In Harry Turtledove’s “alternate history” Civil War novel, The Guns of the South, Robert E. Lee, General-in-Chief of the Army of the victorious, independent Confederate States of America, is serving, with the USA’s Ulysses S. Grant, as an Election Commissioner. Lee and Grant are overseeing the elections that will determine whether Kentucky and Missouri join the Union or the Confederacy. And in that capacity, one fine morning in the Bluegrass State, an attempt is made on Lee’s life – a black man fires a Springfield musket at the principal hero and symbol of the Confederacy through his hotel room window.
Grant, having ascertained that Lee is not injured, and that the danger has passed, suggests breakfast. Lee is just sitting down to ham and eggs, his favorite, when a parade of local Kentucky officials comes into the dining room of his hotel, one after another, expressing shock and dismay and apologies for themselves and their State. By the time the interruptions have ceased, Lee’s breakfast is cold, congealed, ruined.
He eats it anyway. Lee still remembers the winter of 1864, when the crumbling Confederate economy meant that he and his men of the Confederate Army of Northern Virginia knew true hunger. The troops were down to half of the already meager official rations, and spent hours hunting sassafras buds and wild onions in a desperate attempt to ward off scurvy. Even the horses were starving, for lack of grain and grass. To Lee, a bad breakfast is preferable to no breakfast, ever again.
It is four o’clock in the afternoon, Hawai’i Standard Time, in July of 2007, and I am in an airliner suspended at 30,000 feet or so over the Pacific Ocean somewhere between Honolulu and Seattle. And the patrons on the hibiscus airline’s 767 are being served …
Now, silly me, I thought airline food had gone the way of the dodo, a victim of the slings and arrows of jest and outrage by anyone, it seems, who’s ever been on a jetliner. An endangered species that appeared on no red list, whose demise has been met by cheer rather than jeers, by my academic peers and colleagues at least as loudly as anyone else. Even when the alternative is nothing – except the stuff of even more dubious quality that’s on sale in the terminal buildings for double the market price.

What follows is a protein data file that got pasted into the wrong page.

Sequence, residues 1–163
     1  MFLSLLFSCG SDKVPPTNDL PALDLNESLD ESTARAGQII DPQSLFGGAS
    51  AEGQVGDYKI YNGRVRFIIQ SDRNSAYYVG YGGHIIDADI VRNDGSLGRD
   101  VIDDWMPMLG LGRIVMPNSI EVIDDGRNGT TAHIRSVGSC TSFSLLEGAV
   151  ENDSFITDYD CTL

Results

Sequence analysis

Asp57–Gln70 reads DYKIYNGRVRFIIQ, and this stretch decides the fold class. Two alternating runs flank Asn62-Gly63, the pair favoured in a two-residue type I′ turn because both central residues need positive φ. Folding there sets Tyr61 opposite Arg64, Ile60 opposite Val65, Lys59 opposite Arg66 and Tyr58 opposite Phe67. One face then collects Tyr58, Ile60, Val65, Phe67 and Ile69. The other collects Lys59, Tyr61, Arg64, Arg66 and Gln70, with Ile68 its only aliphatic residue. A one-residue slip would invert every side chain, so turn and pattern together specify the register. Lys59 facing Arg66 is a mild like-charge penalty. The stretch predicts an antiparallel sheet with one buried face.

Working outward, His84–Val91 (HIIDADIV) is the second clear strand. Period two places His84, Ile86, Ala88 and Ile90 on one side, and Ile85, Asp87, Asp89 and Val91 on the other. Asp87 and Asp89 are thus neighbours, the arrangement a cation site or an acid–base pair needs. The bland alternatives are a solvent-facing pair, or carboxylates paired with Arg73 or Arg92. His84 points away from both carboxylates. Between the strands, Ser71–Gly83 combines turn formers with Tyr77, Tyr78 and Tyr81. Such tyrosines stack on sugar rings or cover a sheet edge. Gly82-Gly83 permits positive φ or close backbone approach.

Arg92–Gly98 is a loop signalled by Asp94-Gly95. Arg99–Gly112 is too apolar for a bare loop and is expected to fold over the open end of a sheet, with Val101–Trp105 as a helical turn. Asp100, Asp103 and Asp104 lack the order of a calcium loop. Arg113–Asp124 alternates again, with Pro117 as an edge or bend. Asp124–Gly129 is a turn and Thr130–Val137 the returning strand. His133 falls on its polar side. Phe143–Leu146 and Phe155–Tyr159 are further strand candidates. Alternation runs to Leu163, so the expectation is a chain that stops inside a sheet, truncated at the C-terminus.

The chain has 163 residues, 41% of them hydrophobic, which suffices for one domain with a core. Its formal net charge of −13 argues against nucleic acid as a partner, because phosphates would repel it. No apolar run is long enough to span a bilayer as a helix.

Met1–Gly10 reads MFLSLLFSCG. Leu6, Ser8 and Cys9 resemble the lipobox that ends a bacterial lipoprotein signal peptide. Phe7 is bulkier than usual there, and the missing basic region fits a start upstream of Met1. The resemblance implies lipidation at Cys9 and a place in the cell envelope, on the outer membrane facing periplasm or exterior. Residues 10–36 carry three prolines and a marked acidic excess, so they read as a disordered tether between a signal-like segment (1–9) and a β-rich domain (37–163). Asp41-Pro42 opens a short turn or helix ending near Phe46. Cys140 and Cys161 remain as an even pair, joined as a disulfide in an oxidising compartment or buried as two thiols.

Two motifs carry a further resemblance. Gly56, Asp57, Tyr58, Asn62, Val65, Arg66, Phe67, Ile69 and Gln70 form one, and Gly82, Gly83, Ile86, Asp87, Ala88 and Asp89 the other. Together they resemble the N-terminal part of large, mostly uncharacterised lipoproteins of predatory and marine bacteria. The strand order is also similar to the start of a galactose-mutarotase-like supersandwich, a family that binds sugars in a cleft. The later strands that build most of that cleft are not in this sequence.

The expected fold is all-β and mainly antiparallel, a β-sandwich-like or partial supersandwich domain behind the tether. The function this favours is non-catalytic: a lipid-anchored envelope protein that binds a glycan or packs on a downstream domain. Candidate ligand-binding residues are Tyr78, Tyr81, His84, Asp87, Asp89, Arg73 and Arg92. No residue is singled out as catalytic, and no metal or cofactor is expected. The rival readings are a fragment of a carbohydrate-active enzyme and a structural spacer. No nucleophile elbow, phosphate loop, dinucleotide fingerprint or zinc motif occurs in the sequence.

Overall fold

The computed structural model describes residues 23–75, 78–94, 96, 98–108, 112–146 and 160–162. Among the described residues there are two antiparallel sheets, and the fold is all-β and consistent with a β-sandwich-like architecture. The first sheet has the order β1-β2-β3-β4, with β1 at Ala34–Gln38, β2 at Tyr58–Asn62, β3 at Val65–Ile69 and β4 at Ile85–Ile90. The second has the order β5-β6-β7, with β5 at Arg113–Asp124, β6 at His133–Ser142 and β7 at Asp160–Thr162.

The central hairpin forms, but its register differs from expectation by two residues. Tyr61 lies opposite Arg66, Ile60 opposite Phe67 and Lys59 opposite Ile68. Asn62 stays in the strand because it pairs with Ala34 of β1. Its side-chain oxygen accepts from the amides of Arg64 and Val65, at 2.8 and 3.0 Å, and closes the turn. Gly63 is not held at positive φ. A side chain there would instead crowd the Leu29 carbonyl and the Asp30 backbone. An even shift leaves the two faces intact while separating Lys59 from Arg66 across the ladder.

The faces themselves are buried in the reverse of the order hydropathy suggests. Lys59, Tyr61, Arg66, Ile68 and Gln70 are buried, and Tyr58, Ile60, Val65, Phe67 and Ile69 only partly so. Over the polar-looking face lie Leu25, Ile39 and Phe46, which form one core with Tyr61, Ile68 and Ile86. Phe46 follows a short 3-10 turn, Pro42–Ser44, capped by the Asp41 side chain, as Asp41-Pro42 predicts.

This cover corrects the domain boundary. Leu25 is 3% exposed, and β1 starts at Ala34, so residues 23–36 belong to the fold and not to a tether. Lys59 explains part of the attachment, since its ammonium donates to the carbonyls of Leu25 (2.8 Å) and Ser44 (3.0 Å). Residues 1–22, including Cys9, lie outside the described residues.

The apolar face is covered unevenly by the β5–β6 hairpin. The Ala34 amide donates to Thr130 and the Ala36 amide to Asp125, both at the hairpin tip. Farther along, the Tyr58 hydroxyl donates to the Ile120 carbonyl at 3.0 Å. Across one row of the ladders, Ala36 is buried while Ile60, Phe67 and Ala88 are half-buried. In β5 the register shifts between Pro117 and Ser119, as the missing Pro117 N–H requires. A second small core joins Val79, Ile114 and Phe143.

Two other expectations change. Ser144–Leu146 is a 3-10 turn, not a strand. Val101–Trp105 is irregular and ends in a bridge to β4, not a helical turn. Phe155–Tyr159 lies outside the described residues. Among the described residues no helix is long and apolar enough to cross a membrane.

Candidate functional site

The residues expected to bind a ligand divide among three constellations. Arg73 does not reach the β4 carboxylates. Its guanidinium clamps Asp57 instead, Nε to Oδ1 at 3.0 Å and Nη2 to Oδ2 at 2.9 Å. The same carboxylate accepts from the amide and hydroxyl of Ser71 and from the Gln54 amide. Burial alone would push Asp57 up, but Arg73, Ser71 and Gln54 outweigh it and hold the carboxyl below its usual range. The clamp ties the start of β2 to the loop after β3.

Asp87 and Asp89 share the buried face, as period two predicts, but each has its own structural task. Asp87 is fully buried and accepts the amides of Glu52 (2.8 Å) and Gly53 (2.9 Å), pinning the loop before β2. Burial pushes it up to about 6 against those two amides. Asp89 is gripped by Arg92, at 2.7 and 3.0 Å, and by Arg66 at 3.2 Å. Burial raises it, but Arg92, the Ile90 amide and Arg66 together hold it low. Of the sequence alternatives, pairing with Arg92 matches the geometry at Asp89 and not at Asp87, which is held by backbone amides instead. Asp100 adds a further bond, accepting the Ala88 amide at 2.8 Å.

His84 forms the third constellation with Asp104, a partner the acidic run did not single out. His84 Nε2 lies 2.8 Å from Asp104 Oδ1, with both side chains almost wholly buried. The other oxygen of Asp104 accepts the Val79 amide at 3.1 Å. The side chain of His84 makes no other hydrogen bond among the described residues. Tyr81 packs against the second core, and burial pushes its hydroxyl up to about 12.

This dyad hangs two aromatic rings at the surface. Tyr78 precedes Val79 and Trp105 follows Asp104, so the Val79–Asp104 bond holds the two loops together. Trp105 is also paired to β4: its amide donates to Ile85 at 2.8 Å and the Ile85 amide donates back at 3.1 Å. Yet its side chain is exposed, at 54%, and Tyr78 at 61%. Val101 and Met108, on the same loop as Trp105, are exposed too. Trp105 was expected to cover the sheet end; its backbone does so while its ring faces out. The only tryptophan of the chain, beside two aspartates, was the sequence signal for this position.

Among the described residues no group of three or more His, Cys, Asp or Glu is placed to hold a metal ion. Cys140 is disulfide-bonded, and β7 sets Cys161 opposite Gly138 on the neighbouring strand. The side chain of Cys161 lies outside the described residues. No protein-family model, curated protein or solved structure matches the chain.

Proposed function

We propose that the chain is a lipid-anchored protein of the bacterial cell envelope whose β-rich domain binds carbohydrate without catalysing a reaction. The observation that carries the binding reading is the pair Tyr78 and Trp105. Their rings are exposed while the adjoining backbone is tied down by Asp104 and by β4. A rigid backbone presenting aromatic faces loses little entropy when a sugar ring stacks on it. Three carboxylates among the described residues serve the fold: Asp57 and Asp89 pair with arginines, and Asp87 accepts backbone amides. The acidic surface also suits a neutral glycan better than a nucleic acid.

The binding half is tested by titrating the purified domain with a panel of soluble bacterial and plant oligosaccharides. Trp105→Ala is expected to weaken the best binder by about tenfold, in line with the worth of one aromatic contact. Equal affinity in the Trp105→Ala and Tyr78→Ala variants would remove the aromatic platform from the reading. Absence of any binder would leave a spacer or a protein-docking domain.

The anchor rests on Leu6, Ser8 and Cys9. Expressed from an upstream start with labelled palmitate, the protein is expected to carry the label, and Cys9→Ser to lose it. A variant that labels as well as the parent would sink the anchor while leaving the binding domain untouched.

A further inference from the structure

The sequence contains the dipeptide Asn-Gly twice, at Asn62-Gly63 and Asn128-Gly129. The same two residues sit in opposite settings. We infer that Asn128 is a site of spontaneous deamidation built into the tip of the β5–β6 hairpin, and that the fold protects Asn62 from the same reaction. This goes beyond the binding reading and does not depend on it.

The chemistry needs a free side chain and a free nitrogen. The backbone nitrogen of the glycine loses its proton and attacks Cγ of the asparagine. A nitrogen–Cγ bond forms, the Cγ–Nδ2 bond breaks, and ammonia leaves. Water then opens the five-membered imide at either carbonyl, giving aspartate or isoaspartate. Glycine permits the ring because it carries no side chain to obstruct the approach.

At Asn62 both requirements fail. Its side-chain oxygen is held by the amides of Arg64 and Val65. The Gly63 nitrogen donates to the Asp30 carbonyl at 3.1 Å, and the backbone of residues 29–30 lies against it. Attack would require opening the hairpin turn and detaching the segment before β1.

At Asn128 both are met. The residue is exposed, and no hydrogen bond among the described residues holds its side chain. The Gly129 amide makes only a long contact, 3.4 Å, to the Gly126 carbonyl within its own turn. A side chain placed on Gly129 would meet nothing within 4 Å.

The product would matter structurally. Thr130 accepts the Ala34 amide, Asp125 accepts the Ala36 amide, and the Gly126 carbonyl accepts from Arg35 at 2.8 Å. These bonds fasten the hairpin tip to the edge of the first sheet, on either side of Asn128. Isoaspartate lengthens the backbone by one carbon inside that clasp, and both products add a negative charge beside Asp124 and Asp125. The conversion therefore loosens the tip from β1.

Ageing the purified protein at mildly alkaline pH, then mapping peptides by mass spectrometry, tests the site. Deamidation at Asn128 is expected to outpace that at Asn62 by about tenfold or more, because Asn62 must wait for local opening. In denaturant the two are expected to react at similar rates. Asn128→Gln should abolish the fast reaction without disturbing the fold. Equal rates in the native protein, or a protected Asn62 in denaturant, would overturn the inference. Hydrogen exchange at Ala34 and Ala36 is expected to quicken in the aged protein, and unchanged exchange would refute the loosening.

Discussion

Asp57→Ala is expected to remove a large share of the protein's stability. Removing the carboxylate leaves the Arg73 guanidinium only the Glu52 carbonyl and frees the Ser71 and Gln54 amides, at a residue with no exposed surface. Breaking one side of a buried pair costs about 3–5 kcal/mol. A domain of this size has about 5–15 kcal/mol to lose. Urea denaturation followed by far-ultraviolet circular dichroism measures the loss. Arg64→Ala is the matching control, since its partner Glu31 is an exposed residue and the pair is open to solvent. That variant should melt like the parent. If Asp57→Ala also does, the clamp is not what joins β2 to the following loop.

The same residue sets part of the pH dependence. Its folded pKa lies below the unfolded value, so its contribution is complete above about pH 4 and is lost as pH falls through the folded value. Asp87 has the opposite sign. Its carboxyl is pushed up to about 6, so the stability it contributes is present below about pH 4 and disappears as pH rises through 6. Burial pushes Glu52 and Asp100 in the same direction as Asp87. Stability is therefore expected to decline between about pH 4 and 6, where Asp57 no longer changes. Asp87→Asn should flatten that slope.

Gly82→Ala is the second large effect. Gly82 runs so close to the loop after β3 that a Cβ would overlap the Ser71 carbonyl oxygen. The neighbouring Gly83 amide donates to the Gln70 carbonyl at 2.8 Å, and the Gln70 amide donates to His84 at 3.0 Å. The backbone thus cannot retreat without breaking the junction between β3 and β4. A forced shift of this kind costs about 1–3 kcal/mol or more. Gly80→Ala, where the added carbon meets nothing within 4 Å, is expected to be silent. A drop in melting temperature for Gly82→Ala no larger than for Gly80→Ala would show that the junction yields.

The evidence for the continued survival of the species is before me. And it is the real McCoy. The lettuce on the small side salad has freezer burn. The “cacciatore” is barely-visible strips of chicken breast under red paste. The vegetables are hard. The potatoes are soft. The bun has the consistency and taste of styrofoam, and everything has too much salt in it. Which one has to try to eat with the miserable little plastic knife and fork.
I eat it anyway. All of it. Scrape the plastic tray, even.
A few days ago, I was scraping the kitchen looking for something that would convince me that I wasn’t as hungry as I felt. The cupboard was pretty bare (not Old Mother Hubbard bare, but I don’t ever want to get any closer thank you), and there was no money for more. I found a bag of brown rice, and resolved to cook some up. As you surely know, billions of people around the world subsist on a daily ration of rice, and not much else. I picked up the bag – and it was swarming with tiny, almost invisibly tiny, long black bugs. I didn’t recognize them, and I still don’t know what they were. I brushed off as many as I could find. Any that remained went into the pot with the rice. I reckoned that if Asian peasants have to eat the weevils with the grain, then so could I, and I would survive. A little rice (bugs and all), a little soy sauce, and I could face the morning with one less distracting noise.
Airline food is better than no food. Ever again.
Copyright (c) 2007 Felloffatruck Publications.
All wrongs deplored. All opinions are mine as a private citizen.